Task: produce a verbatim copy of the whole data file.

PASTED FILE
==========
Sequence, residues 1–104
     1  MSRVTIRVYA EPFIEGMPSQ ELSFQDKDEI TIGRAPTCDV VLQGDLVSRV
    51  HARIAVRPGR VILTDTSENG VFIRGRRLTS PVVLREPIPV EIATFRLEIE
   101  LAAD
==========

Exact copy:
Sequence, residues 1–104
     1  MSRVTIRVYA EPFIEGMPSQ ELSFQDKDEI TIGRAPTCDV VLQGDLVSRV
    51  HARIAVRPGR VILTDTSENG VFIRGRRLTS PVVLREPIPV EIATFRLEIE
   101  LAAD